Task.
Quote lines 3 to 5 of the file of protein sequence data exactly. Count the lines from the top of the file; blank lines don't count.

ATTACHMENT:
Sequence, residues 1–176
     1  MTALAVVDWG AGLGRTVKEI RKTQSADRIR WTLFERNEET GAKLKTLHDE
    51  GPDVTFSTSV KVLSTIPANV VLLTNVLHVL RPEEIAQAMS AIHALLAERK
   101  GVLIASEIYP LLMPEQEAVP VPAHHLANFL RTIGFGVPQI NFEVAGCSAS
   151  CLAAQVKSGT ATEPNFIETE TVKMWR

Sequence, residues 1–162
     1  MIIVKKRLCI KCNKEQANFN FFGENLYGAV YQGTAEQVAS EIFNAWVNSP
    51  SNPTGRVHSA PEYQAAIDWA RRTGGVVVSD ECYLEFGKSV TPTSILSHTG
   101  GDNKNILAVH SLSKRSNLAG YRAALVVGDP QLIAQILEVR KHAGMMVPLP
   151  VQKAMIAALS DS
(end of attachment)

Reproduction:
    51  GPDVTFSTSV KVLSTIPANV VLLTNVLHVL RPEEIAQAMS AIHALLAERK
   101  GVLIASEIYP LLMPEQEAVP VPAHHLANFL RTIGFGVPQI NFEVAGCSAS
   151  CLAAQVKSGT ATEPNFIETE TVKMWR